Yeah, I recently happened upon a "we don't like guns" sign at my--up until recently--favored welding supply store.
I have to admit, I didn't do the "outreach" thing. I was simply so gobsmacked that I put all of my intended purchases down and left.
I suppose some day I'll go back and ask about the sign, which was new. "So, I've been doing business here for 10 years..."
Exactly the right reaction!
I think this sort of outreach is essential. It is illogical to be fearful of the lawful CCW holder, the only persons impacted by these signs. I think it's important to point it out. This IS a civil rights issue, and civil rights advances weren't made by getting up and moving to the back of the bus when asked. Absolutely a private property owner has a right to say who does and does not carry on their property, but what about from the vehicle to their establishment and back? The business that prohibits people from carrying the means to self defense should be liable for the safety of every person in, and coming to and from their establishment.
"...Next, I'd like you to put yourself in my situation..."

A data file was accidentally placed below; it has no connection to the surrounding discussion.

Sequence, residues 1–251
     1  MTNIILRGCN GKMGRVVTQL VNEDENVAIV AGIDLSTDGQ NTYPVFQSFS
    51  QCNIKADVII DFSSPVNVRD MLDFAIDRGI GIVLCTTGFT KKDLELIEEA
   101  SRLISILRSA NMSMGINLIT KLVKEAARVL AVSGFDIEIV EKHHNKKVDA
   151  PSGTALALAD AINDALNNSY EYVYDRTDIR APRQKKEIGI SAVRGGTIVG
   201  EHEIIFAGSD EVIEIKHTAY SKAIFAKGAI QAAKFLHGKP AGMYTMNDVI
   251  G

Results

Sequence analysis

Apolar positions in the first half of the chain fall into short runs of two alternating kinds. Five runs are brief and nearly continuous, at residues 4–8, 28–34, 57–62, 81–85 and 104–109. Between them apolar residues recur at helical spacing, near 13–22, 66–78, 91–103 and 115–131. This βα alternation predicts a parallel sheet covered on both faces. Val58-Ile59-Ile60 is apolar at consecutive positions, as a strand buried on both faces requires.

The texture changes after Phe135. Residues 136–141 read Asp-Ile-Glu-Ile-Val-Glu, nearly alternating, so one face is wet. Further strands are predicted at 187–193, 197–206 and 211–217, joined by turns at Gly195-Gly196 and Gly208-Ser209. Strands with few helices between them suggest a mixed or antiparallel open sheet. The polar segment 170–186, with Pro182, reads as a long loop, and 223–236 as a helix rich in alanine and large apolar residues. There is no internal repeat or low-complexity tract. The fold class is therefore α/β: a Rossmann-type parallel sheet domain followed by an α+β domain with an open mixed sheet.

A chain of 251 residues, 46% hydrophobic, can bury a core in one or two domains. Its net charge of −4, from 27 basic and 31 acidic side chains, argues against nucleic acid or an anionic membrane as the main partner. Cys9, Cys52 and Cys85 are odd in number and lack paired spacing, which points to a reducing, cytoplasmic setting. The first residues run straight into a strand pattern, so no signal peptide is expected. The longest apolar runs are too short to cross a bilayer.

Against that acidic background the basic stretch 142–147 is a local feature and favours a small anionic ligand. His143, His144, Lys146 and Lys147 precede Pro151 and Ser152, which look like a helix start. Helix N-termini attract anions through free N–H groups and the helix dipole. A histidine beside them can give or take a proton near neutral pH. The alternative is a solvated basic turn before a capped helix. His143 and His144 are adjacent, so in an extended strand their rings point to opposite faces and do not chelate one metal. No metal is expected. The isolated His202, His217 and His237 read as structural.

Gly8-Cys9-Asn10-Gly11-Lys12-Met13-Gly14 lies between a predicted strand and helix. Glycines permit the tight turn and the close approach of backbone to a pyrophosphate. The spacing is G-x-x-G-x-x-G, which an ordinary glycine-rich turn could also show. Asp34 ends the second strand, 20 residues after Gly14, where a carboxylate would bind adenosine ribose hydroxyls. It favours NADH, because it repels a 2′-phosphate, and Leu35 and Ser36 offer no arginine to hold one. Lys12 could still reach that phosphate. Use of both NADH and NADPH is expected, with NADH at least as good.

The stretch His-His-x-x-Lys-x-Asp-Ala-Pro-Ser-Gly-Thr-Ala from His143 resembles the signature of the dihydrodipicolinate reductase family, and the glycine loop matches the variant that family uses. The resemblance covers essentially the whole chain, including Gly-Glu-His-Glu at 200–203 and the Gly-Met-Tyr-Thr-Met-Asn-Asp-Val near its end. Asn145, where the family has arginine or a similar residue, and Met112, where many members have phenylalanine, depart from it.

That is all.
Hammer: I'm afraid I can't agree with your liability thought. It's the same as the general libertarian opposition to government mandated smoking bans. It's private property. If you don't like how things are done there, don't go there. If you choose to go there, you're accepting responsibility for what happens when you make that decision, whether that's breathing second hand smoke, or taking the chance on being shot up by a madman without your carry piece.
I'll hate to see it, but I'm sort of hoping for your point ".5" to come true. A lost lawsuit for disallowing self-defense is what it's going to take to keep people with vaguely anti-gun sentiments to convince themselves (as your respondent obviously has) that there is a major legal liability in the opposite direction.
There is no way that a "5." lawsuit would win. In court, the default position is that "civilians" should be unarmed. The restaurant would simply argue that they did everything they reasonably could to keep guns out of their establishment, and the judge would agree.